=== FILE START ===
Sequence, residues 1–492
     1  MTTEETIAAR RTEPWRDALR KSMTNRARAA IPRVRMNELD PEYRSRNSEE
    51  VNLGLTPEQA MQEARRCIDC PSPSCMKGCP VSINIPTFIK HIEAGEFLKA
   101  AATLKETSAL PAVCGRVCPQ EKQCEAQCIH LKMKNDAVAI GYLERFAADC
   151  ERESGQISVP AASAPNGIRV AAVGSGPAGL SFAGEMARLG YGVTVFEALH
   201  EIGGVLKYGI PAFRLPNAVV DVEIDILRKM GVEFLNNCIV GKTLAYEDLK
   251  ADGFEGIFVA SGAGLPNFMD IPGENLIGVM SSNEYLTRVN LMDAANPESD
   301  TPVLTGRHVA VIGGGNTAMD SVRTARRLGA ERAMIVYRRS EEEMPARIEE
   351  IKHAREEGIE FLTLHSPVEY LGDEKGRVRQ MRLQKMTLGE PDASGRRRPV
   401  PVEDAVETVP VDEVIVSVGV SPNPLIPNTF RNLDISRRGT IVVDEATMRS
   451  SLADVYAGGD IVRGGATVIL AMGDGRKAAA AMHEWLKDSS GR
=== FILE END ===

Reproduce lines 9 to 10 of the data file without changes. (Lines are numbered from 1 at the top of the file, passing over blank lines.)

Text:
   351  IKHAREEGIE FLTLHSPVEY LGDEKGRVRQ MRLQKMTLGE PDASGRRRPV
   401  PVEDAVETVP VDEVIVSVGV SPNPLIPNTF RNLDISRRGT IVVDEATMRS